My study is a mess of different instruments and equipment. I got tangled in wires last night.
Also busy running a comedy competition. That's going well, though in some quarters it seems that it's a lot easier to take a small debating point and inflate it into a mass of jeers, rather than either be constructive or stay silent. Still, that's the internet for you. Nobody every made it big in comedy through being a smart arse on a comedy forum. In fact, you usually make it small from that sort of activity.
Last night I sawed through a hard drive while making a prop for a show.
Yesterday I went trawling looking for children's dressing up accessories for the same show.
The cats think I'm insane.
I have pretty much committed to the idea of writing for myself. Here's what I have to say on the subject in an article I wrote but which didn't get published.
I find myself pondering questions like – “how will this look on stage?” and “what would the audience reaction be for that?”. I know the rooms I’ll be performing in, and I’m wondering “what might be funny if you’re sitting at the back corner where it’s dark and there’s usually beer on the floor?”. In short, I’m asking some interesting questions about delivering the material, but they’re totally irrelevant when it comes down to finding the funny.
Although poor stage-craft can destroy your material, it can seldom make it funnier. For my show to work, I’m going to have to find stuff that is interesting, engaging and which delights me to share it with an audience.
A friend of mine does a comic podcast on Bolton Wanderers FC. He’s not a stand-up comedian, but he’s a funny guy and has performed on stage before (I’m pretty sure we did a Fringe show together in 2004). I’ve listened to his podcast (www.themeninwhite.com) and thoroughly enjoyed it. This is nothing to do with the subject. I couldn’t give a shit about BWFC. In fact, if pushed, I’m not sure I could even give half a shit about them. However, the fact that these podcasters are enthusiastic and witty on a subject they care about means that I find their podcast to be highly enjoyable.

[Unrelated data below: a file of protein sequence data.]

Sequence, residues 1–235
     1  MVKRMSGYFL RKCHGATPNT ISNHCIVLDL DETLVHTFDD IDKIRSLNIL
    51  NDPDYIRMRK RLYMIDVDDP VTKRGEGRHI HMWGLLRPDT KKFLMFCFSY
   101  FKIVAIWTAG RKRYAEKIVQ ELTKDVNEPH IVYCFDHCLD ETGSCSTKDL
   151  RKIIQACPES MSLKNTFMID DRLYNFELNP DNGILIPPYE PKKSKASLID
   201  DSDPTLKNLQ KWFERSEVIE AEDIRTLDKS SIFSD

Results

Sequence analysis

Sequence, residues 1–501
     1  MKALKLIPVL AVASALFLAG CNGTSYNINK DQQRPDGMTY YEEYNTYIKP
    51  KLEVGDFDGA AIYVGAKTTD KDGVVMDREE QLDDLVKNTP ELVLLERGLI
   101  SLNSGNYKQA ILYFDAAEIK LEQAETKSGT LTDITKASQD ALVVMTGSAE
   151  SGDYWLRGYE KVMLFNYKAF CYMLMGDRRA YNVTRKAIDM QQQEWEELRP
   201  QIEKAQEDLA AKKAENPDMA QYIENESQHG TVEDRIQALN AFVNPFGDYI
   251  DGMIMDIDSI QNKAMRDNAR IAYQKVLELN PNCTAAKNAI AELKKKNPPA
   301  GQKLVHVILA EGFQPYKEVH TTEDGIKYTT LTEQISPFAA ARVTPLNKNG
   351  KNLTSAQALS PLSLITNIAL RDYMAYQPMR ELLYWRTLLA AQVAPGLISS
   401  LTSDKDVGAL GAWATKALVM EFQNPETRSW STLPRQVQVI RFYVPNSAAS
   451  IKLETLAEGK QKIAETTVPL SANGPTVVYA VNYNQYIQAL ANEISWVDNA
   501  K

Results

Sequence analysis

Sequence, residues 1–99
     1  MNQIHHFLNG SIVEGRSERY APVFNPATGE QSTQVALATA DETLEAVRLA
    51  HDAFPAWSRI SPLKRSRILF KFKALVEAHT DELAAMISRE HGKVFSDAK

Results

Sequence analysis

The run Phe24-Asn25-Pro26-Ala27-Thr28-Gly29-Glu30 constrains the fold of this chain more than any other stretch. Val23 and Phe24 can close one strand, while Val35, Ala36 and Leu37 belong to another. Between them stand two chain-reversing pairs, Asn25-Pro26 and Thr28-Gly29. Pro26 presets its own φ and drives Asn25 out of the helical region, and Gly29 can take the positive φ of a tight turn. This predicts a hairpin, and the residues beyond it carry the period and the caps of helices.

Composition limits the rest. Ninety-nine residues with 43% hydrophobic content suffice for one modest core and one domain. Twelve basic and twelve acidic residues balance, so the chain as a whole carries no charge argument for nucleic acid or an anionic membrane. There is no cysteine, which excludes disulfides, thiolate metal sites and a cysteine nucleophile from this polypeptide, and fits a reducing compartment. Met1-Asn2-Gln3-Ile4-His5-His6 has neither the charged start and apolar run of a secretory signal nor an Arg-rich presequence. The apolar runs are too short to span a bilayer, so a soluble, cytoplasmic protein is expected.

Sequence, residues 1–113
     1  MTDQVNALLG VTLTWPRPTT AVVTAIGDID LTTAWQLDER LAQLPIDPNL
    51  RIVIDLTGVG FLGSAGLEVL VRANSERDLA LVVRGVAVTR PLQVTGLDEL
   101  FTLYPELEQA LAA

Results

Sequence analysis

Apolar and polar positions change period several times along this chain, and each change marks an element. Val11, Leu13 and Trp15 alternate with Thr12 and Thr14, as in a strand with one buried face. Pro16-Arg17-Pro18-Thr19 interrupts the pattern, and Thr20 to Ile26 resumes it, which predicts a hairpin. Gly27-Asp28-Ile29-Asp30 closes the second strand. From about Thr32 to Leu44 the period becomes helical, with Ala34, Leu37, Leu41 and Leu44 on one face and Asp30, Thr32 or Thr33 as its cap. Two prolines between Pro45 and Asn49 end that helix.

And that’s the goal. Write a great set that you care about. But on what? This is the ultimate question. If there was a simple formula, then more people would be more original.
The easy mistake is to write about things that you think will make an audience laugh. It has to make you laugh first and foremost. It has to be something that you can find funny even if the audience are not sure or even hate you. These words are going to come out of your mouth night after night, so you should really like them.
By the way, this means you can and probably should drop material that works most of the time, but that you don’t really like anymore.
Generating material is hard. For wordplay or other jokes that twist normality, look at existing written word pieces and find the phrases you can subvert. There are even lists of idioms and sayings you can mine for one-liner setups or punchlines. For emotive material, why not make a list of things about yourself that are worth discussing outside of a comedy context, then interpolate some jokes. You could make a list of things you love, hate, fear or wish and work with that.
Finally, remember that stand-up is not a solely monologue-based artform. You can work banter into your material, and you can even engage the audience more by phrasing certain things as a question, even a rhetorical one, to make them relate it more to themselves.
Two useful books for exercises to help you write comedy:
Sally Holloway - The Serious Guide to Joke-Writing
Logan Murray - Be A Great Stand-Up: Teach Yourself
This article contains excerpts from the Funny’s Funny Information Pack, which will be released shortly and made available for free to all entrants to Funny’s Funny Female Comedian of the Year 2012. www.funnysfunny.org.uk